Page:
2. Where, under an eligible arrangement, a shareholder exchanges their shares in one company (i.e., the target company) for shares in another company (i.e., the acquirer company), they can elect to roll over any capital gain they might otherwise make.
    3. The key requirements to access scrip for scrip rollover where a capital gain would otherwise arise for the seller on the disposal of their shares are:
      1. There is an exchange of shares with shares (or units with units for unit trusts,);
      2. This exchange takes place under a single arrangement where:

i. the acquirer company acquires at least 80% of the shares in the target company;

ii. all owners of voting shares in the original entity could participate; and

iii. participation was available on substantially the same terms for all of the owners of interests of a particular type in the original entity. (There are different requirements for arrangements resulting from take-over bids.)


It is also important for all parties to consider any elections that need to be made and make sure they are done on time. There are also further conditions to be met where the arrangement is not conducted at arm’s length.

The scrip for scrip rollover provisions are not just for massive deals like Afterpay – they can be useful for small and medium groups who wish to restructure their group.

There are numerous other CGT rollovers and exemptions that can be utilised when selling your shares. Business owners risk leaving ‘money on the table’ if they do not seek professional advice when considering any group structuring.

Whatever the future for the combined Afterpay/Square entity, it is important to note that this merger focuses on the potential to drive billions of dollars of value in the future. It is going to be incredible to watch the next moves of the combined entity. The key takeaway for us is that there is always more behind the figures than meets the eye. It is critical to understand the taxation implications for your business before any significant decision.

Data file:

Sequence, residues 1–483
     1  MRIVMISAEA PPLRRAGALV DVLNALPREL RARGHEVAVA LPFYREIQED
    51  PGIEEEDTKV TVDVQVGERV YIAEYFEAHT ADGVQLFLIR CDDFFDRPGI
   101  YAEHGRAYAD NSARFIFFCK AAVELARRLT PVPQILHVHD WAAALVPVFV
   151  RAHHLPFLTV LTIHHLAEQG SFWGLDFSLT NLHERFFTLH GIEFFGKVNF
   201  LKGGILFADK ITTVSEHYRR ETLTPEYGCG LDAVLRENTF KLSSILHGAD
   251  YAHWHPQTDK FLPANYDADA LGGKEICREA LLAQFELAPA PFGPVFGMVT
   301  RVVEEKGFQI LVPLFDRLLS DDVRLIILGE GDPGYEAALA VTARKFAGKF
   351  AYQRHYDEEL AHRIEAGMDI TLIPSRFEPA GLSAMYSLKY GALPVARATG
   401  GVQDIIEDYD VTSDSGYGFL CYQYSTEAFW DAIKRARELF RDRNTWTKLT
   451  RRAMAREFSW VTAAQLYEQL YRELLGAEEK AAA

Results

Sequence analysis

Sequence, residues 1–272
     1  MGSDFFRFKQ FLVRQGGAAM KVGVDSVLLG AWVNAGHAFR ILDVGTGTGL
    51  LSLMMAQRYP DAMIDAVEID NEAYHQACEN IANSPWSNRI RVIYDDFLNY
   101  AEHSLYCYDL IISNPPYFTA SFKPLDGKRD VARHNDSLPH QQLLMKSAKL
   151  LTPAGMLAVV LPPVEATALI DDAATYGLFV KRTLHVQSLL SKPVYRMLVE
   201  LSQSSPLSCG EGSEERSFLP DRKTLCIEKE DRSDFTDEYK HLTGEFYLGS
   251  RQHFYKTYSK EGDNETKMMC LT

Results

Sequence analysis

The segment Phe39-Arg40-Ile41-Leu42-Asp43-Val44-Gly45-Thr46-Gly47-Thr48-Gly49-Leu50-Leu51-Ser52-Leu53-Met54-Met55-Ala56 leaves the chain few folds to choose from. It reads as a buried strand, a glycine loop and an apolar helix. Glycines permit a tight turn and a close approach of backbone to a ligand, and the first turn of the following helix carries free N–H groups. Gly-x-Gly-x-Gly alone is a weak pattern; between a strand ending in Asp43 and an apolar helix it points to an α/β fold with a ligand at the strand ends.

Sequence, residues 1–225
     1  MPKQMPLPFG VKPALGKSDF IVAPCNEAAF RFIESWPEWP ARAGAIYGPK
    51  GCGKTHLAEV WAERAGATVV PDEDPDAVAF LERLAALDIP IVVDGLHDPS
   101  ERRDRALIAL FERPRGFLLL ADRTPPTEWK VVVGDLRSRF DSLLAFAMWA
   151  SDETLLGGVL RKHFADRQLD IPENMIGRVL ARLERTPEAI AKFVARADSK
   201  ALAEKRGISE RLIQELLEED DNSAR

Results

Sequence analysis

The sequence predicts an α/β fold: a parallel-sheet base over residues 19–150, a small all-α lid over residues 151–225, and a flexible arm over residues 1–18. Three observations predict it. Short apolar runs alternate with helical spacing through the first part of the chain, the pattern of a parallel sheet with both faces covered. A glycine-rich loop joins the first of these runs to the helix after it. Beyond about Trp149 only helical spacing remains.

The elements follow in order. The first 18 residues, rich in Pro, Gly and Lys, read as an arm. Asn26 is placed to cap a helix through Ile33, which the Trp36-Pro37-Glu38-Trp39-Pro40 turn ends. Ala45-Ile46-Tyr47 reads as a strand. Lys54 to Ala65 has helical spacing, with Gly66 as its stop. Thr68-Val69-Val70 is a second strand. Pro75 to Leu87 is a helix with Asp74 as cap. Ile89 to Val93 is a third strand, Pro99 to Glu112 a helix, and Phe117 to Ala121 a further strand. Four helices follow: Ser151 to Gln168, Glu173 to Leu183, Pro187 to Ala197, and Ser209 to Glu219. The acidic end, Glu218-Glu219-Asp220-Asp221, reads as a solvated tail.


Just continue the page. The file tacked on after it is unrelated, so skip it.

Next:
If you are a business looking for the right advice to guide you through the growth process, we recommend you reach out to our Tax Law, Corporate Law, and Corporate Advisory team, who will guide you through this entire process.

Please get in touch to book a complimentary booking and have us help you actualise your true business potential.

*Our comments in relation to the Afterpay deal are based on the media articles read by our tax nerds and are general observations only.


If you liked this blog, be sure to check out more of our tax related articles here.



The information contained in this blog is general in nature and should not be considered to be legal, tax, accounting, consulting or any other professional advice. In all cases, you should consult with a professional advisor familiar with your factual situation for advice concerning specific matters before making any decisions. By reading this blog, you confirm your understanding of this disclaimer.

Jodie Robinson